Linda Nagata: the blog at Hahví.net

Out Today: Cosmic Powers

Tuesday, April 18th, 2017

I have a story in editor John Joseph Adams’ newest science fiction anthology, COSMIC POWERS.

Here’s the anthology’s description:

A collection of original, epic science fiction stories by some of today’s best writers — for fans who want a little less science and a lot more action — and edited by two-time Hugo Award winner John Joseph Adams.

Inspired by movies like The Guardians of the Galaxy and Star Wars, this anthology features brand-new stories from some of science fiction’s best authors including Dan Abnett, Jack Campbell, Linda Nagata, Seanan McGuire, Alan Dean Foster, Charlie Jane Anders, Kameron Hurley, and many others.

“A little less science” isn’t my usual sort of story, but when John asked me to contribute something I thought, Why not? It’s good to do try my hand at different things. Right? I mean, in the past John had asked me to write a military fantasy story — something I’d never tried before — and the result, “The Way Home,” turned out to be, in my opinion, one of my best short stories ever. So I agreed.

Oh, did I come to regret it! 😉

I had such a hard time writing this story. Quite obviously I had a mental block. I’d never before written a story with hyperspace/ FTL/ wormholes/ etc. and my muse made it clear I wasn’t going to start now. So after considerable soul-searching, I set about creating a whole new story world set in our solar system. It was a lot of work just for a short story, but I finally sent the result to John and he accepted it. He also gave it a new title: “Diamond and the World Breaker.” (I don’t remember what my original title was…)

Here’s the table of contents:

Introduction by John Joseph Adams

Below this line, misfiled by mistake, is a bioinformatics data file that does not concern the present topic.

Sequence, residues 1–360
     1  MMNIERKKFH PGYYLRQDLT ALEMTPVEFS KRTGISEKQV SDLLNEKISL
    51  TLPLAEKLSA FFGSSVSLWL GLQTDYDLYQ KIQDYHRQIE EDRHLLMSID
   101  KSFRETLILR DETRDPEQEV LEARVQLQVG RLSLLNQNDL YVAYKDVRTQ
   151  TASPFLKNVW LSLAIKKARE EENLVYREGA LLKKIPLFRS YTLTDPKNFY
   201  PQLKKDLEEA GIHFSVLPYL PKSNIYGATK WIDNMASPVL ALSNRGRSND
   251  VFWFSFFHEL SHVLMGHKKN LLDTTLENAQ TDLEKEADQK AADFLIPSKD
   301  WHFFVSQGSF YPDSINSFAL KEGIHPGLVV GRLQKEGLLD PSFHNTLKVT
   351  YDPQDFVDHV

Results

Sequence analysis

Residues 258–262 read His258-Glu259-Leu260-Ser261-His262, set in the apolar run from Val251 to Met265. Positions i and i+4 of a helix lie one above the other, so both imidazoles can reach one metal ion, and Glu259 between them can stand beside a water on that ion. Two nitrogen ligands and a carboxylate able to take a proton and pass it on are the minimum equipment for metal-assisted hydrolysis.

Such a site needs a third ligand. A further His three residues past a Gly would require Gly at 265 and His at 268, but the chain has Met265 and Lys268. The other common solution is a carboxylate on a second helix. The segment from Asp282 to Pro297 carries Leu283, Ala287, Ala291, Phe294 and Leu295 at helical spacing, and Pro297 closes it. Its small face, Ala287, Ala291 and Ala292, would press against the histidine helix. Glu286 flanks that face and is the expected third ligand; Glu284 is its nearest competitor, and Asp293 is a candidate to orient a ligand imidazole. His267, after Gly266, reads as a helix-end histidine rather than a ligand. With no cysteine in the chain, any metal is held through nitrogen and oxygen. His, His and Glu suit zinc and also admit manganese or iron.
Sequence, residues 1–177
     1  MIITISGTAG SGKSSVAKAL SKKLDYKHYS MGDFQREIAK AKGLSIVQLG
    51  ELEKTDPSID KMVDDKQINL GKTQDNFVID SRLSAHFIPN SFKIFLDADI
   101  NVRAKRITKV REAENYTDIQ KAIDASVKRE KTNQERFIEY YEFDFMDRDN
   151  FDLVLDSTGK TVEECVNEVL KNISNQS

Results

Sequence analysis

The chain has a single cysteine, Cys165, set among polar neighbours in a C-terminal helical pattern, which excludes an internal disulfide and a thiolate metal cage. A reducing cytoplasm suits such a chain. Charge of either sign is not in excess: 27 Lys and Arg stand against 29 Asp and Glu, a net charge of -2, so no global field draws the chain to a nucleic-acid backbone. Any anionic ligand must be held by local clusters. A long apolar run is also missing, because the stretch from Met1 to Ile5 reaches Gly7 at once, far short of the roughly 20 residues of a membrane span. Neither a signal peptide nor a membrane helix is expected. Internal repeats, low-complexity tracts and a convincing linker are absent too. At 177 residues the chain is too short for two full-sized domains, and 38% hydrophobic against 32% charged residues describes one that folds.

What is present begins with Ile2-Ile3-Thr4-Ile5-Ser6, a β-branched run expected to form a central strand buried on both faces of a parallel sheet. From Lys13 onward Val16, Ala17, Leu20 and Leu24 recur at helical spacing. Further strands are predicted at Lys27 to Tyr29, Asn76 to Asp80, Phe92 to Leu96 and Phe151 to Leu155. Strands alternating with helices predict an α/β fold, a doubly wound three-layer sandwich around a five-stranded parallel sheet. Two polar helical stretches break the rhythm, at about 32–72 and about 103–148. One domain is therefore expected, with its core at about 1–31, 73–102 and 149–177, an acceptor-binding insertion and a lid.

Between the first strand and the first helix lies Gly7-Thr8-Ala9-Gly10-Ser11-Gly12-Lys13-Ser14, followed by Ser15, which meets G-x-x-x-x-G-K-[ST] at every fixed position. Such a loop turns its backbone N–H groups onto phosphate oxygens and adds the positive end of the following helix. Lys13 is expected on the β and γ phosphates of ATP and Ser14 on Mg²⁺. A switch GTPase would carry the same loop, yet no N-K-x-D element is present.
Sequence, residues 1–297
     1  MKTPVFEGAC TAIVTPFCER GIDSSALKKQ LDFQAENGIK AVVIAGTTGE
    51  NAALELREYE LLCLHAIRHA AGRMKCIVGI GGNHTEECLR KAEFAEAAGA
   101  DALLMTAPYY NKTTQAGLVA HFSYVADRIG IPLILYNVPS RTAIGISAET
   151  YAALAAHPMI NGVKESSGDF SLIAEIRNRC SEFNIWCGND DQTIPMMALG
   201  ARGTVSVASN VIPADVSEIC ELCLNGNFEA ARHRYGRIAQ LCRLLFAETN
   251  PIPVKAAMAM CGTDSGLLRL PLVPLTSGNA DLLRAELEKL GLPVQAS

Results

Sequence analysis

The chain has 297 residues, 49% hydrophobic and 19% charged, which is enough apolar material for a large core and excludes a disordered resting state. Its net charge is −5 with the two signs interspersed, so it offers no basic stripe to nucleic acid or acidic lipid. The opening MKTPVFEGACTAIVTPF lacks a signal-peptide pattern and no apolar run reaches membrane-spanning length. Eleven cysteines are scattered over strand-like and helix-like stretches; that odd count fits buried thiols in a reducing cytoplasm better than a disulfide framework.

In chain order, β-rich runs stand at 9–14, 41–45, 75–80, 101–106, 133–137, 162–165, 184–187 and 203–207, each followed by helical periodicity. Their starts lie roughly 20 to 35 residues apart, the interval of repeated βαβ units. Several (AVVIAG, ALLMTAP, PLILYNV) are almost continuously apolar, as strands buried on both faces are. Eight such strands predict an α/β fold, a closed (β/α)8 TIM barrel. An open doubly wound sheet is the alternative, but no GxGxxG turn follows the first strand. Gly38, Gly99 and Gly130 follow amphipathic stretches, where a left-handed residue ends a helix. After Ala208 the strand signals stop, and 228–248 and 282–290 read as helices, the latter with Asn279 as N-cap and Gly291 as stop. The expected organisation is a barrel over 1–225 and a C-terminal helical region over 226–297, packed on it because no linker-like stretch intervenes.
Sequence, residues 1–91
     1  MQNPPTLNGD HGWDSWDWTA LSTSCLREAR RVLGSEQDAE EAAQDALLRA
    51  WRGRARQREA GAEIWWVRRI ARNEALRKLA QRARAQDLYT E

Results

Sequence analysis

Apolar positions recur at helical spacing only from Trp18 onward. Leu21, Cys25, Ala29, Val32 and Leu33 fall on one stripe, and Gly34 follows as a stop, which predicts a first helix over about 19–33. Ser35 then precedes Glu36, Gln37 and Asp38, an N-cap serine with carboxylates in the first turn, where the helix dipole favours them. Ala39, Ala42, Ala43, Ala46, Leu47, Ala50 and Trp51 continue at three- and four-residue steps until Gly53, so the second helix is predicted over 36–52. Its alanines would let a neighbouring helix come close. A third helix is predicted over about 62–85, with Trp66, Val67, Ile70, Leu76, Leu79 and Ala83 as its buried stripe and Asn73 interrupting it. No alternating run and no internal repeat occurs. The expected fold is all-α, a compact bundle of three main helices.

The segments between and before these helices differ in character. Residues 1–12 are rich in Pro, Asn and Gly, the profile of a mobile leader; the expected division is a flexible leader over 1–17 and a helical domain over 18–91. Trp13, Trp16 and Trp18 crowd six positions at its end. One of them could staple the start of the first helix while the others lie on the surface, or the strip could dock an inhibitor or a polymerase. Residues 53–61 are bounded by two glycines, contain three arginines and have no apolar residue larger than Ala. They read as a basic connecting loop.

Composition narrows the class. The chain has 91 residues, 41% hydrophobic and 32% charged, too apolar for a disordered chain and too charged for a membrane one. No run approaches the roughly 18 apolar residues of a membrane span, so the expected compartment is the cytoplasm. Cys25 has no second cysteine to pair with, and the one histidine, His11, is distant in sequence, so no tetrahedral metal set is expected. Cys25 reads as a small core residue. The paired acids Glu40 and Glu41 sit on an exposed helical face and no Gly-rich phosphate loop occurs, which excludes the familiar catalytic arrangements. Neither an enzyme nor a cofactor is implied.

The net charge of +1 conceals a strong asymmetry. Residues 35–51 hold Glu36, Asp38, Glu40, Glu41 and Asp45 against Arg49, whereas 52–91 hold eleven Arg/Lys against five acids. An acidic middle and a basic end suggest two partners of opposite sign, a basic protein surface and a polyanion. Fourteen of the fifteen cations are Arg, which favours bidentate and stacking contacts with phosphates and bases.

A Temporary Embarrassment in Spacetime—Charlie Jane Anders
Zen and the Art of Starship Maintenance—Tobias S. Buckell
The Deckhand, the Nova Blade, and the Thrice-Sung Texts—Becky Chambers
The Sighted Watchmaker—Vylar Kaftan
Infinite Love Engine—Joseph Allen Hill
Unfamiliar Gods—Adam-Troy Castro, with Judi B. Castro
Seven Wonders of a Once and Future World—Caroline M. Yoachim
Our Specialty is Xenogeology—Alan Dean Foster
Golden Ring—Karl Schroeder
Tomorrow When We See the Sun—A. Merc Rustad
Bring the Kids and Revisit the Past at the Traveling Retro Funfair!—Seanan McGuire
The Dragon that Flew Out of the Sun—Aliette De Bodard
Diamond and the World Breaker—Linda Nagata
The Chameleon’s Gloves—Yoon Ha Lee
The Universe, Sung in Stars—Kat Howard
Wakening Ouroboros—Jack Campbell
Warped Passages—Kameron Hurley
The Frost Giant’s Data—Dan Abnett
Cover Art by Chris Foss

Cosmic Powers is out today. Visit the FREE READS page to read selected stories.

Short Fiction Sale: Asimov’s

Wednesday, September 26th, 2012

I’m very pleased to announce that a short story I wrote last spring has been accepted at Asimov’s. “Through Your Eyes” is scheduled for the April/May 2013 double issue. This will be my first publication in Asimov’s, which is a milestone for me.

In the post linked to above I mention that “The protagonist of this story is proving rather troublesome. He’s in my head, lobbying for his own novel…” Uh-huh, and since then he’s gotten his own novel. That’s the one I’m presently working on, with the first draft just finished a couple weeks ago.

Why Science Fiction Short Stories
Are Really Hard to Write

Thursday, October 20th, 2011

Your assignment: write a science fiction short story set off Earth, in another time.

Your story should do the following:

(1) Present to the reader an unfamiliar storyworld that is internally consistent and coherent, including an implied past and future.

(2) Present to the reader a specific setting within this storyworld, making sure it includes unfamiliar yet reasonably plausible technology.

(3) Utilize two or three unique and interesting characters. If not human, describe both the general and specific appearance of these characters, as well as their origin and biology. Please avoid caricature! If human, you need only describe your characters’ specific appearance, relying on the reader’s knowledge for general principles. In either case, communicate your characters’ motives and personalities in a manner relevant to the mood and tone of the story.

(4) Develop a fast-paced, action-packed story arc suited to the motives and personalities of your well-developed characters and utilizing the story’s plausible technology as an essential element. Be sure there is an external plot: something must happen. Equally important, include an internal plot: your primary character should have an issue or two to overcome!

(5) Include a theme that adds layers of meaning to your story.

Your assignment should be accomplished in 3000 words or less. Bonus points are awarded for stories achieving levels of “cool,” “awesome,” or “mind-blowing.”